dire was conducted, Thompson moved for a mistrial, which the trial court
denied. After the jury was selected, Thompson made a Batson1 motion, which
the trial court denied. Thompson then pled guilty to the offenses as charged
and admitted to being an habitual offender.
 On August 10, 2018, the trial court held a combined hearing in Cause 1458 and
Cause 3019. Prior to the start of testimony, the prosecutor and the trial court
had the following exchange concerning the petition to revoke probation in
STATE: Uh yes sir there’s as preliminary matter Judge[.] I was looking through my notes and the docket, um, there was a [petition to revoke] that was filed in [Cause]1458, and according to my notes and I didn’t see it on the docket in that case I don’t know that the Defendant actually ever admitted the PTR, um, and I couldn’t find – or I couldn’t find where he had and I just wanted to point that out to the Court preliminarily before the sentencing hearing begins.
COURT: Yeah his plea of guilty [in Cause 3019] is an admission that he’s violated the terms and condition of that sentence [in Cause 1458] as he was serving that sentence when this incident occurred so.
1 Batson v. Kentucky, 476 U.S. 79 (1986).
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STATE: Yes sir.
COURT: I don’t need a formal admission.
Transcript Vol. II at 18.
 Several times during his testimony, Thompson acknowledged that he had
missed his probation meeting, which he stated was due to his car not working.
He maintained that, except for the missed meeting, he had completed all of his
probation requirements. He explained that, when he got arrested for the Cause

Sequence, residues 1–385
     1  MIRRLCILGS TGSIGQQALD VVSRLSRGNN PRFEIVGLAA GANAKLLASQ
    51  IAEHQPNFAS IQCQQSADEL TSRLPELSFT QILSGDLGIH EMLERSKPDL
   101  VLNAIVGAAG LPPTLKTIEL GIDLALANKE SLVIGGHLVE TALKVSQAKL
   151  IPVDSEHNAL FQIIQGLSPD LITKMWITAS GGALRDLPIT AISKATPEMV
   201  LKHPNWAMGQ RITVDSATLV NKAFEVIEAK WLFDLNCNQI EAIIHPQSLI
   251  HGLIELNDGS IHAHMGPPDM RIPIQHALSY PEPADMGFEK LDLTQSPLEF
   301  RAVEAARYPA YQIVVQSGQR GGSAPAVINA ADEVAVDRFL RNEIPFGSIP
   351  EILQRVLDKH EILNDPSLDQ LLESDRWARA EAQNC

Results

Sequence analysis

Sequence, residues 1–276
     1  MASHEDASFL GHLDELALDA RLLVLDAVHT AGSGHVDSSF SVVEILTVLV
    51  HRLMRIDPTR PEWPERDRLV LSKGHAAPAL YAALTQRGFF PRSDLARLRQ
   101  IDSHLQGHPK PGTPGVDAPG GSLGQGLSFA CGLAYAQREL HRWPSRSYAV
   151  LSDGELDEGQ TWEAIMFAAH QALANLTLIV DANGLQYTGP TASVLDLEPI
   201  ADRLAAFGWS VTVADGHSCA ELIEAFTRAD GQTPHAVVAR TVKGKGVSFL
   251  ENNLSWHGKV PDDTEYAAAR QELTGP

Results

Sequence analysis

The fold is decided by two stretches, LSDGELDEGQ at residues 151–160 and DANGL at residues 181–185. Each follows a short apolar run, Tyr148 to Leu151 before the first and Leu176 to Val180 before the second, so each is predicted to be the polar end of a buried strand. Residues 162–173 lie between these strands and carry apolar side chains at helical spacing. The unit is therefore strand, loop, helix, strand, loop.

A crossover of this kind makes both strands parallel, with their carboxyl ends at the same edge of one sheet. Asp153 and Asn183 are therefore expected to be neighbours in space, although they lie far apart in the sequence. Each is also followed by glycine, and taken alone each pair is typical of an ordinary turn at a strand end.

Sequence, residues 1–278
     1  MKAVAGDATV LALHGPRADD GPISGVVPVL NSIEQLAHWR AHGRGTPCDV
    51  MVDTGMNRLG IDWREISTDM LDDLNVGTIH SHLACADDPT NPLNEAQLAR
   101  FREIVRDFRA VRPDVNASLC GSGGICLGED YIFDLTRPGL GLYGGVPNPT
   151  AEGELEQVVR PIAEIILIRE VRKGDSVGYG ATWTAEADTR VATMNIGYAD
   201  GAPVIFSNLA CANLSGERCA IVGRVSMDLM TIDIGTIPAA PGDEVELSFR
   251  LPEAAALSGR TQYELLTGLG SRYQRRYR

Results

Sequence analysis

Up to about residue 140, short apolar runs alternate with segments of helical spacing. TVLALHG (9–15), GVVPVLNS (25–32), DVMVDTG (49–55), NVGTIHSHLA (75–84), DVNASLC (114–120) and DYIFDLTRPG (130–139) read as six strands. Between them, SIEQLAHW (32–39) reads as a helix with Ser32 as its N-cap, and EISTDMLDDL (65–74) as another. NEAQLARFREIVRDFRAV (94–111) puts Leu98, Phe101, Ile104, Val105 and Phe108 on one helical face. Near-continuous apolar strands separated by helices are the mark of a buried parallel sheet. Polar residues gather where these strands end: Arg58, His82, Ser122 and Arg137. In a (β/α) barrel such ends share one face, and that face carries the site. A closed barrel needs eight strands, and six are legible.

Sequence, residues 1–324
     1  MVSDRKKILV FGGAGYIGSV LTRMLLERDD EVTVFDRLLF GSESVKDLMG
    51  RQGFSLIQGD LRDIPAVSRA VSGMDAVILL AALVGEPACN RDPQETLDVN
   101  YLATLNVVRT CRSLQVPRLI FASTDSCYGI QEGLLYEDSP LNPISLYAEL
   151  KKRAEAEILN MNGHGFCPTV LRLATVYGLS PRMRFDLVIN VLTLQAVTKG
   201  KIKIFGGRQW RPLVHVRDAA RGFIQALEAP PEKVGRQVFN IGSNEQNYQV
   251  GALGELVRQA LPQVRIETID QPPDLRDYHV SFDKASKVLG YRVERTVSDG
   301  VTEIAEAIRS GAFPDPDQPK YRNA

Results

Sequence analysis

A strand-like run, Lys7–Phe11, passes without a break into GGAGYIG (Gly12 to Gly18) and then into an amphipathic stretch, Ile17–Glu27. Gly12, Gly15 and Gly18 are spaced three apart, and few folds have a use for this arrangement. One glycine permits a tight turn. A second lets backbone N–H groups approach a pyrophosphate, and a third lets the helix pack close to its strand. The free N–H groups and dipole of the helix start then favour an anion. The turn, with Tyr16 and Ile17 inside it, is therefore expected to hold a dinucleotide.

3019 offenses, he was driving to his attorney’s office to discuss the missed
probation meeting, attempt to resolve it, and turn himself in to authorities if
need be. Thompson said that, on his way, he stopped for gas, and when he
pulled into a gas station, police surrounded him, guns drawn, and told him that
he had outstanding warrants. Thompson maintained that he was not aggressive
or violent during the encounter and tried to tell the officers that he had only
missed a probation meeting. His counsel argued that “but for not making it to
his attorney’s office[,] . . . we probably wouldn’t be here right now” and “had
Mr. Thompson not stopped for gas he probably would have been before this
Court on a petition to revoke after turning himself in at probation.” Id. at 42.
Counsel asked for leniency in sentencing, noting that Thompson “was in
complete compliance until the day this happened.” Id.
 The prosecutor, in response, elaborated on the missed probation meeting,
stating that Thompson was scheduled to appear for a meeting on March 21,
2018, to go over the rules of probation, but Thompson had called and spoken